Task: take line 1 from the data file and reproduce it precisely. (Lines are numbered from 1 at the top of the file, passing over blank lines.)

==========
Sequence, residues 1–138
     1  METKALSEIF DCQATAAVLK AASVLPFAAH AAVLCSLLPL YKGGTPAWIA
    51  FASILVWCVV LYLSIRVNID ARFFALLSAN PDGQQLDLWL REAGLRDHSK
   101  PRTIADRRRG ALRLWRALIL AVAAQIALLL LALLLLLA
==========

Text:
Sequence, residues 1–138